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Barclays reports profits up by 92 per cent to £11.6bn

Staff will receive a total of £2bn in bonuses, although two top executives decline their payouts.

The two top executives at Barclays are not taking their bonuses this year, as the banking giant reports a profit increase of 92 per cent.

The full-year profits increased to £11.6bn in 2009, which is nearly double the amount made in 2008. The figure was increased by the sale of BGI, its fund management arm, to the US firm BlackRock.

The bank, which did not receive any direct government help during the financial crisis, is now preparing to pay out bonuses of more than £2bn to its 23,000 investment bankers. It will pay £1.5bn in bonuses for this year, with a further £1.2bn to be paid over three years.

But chief executive John Varley and president Bob Diamond have turned down bonuses for the second consecutive year, amidst widespread public anger at huge pay-outs to bankers.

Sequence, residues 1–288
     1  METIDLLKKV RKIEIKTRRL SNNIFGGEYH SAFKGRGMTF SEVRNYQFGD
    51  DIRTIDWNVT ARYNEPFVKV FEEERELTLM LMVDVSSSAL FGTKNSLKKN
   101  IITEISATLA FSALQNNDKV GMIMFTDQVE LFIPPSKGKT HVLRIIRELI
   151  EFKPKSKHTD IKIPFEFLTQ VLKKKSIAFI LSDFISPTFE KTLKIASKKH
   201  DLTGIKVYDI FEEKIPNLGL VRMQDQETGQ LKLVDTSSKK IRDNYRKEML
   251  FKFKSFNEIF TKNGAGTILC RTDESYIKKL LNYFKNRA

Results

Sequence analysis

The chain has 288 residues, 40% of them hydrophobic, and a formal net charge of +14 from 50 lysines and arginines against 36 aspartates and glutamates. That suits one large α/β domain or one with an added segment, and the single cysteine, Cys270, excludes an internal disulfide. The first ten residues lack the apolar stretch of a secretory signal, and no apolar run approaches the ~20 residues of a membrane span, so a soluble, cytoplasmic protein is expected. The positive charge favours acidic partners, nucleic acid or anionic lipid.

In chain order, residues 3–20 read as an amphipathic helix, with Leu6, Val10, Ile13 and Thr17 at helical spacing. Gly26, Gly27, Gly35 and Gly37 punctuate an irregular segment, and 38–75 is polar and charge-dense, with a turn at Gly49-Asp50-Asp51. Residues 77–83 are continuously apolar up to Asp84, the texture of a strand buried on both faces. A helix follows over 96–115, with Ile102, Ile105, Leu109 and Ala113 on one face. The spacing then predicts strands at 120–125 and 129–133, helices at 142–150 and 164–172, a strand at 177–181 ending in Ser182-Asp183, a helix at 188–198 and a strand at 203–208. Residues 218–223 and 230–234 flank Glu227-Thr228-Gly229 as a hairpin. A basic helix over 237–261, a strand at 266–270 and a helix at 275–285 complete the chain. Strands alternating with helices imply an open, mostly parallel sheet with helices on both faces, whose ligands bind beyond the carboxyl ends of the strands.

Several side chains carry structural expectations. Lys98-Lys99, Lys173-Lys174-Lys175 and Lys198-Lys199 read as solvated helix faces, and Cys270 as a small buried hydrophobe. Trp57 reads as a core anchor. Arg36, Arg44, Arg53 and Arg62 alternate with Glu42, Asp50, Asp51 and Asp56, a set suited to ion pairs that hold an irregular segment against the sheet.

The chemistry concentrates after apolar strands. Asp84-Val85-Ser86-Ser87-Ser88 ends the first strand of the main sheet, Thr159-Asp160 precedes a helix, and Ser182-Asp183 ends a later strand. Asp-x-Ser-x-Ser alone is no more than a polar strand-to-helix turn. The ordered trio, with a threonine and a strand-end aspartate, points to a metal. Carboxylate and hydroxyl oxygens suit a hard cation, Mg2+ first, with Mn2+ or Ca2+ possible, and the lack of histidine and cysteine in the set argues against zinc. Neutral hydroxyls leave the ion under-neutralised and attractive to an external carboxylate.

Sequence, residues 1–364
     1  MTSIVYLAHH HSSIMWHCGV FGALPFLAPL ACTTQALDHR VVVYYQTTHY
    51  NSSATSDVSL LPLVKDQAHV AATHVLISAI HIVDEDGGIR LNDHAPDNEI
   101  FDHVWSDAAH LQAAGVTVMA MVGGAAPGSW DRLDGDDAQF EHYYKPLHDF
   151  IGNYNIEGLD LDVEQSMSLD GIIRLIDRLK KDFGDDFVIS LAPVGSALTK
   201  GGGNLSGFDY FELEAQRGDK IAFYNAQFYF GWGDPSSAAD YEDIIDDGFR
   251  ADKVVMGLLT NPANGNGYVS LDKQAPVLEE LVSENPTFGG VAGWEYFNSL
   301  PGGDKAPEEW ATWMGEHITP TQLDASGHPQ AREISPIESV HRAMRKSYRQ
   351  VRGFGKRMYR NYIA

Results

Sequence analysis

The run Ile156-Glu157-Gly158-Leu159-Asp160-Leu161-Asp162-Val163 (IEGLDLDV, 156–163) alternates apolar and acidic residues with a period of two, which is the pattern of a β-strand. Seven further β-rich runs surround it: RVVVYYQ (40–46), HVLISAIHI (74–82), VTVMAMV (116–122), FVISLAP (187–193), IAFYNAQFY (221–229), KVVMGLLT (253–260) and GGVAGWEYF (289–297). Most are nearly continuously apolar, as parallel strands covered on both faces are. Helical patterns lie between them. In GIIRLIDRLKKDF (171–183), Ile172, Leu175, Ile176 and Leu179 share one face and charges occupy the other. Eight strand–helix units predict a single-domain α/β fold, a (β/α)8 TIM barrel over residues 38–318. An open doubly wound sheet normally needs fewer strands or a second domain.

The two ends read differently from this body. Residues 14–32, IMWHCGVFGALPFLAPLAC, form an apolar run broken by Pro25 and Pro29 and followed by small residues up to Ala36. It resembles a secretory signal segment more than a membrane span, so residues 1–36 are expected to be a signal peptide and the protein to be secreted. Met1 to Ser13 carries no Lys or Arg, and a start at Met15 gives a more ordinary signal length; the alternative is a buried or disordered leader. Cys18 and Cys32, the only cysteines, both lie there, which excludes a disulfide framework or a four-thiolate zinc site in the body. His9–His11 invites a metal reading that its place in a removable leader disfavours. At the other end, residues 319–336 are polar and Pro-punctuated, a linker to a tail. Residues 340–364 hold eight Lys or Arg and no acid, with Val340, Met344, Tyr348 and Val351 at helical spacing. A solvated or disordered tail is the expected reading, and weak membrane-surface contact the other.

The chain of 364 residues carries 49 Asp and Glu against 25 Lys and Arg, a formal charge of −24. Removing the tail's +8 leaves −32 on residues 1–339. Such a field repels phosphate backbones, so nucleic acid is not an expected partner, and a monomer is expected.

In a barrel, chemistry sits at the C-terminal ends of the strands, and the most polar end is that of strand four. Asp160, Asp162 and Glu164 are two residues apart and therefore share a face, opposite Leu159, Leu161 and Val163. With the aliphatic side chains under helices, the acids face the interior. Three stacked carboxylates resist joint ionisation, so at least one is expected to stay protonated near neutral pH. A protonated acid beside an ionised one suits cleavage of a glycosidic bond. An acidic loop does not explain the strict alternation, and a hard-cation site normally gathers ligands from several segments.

Announcing the decision, chairman Marcus Agius said: "Out of consideration of the continued impact of the economic downturn on many clients, customers and shareholders, combined with the fact that banks and bankers' pay remain matters of intense public interest and concern, both have advised the board that they wish to decline any such awards for the second successive year".

He said that all other members of executive team at Barclays would have their entire bonuses deferred and awarded over three years, and defended the pay policy at the bank, adding: "We must together safeguard the world from a recurrence of the events of the last three years."

Barclays said that it had loaned about £35bn to businesses and households in the UK in 2009, more than triple the £11bn it had promised to loan. The willingness for banks to lend is seen as vital to recovery.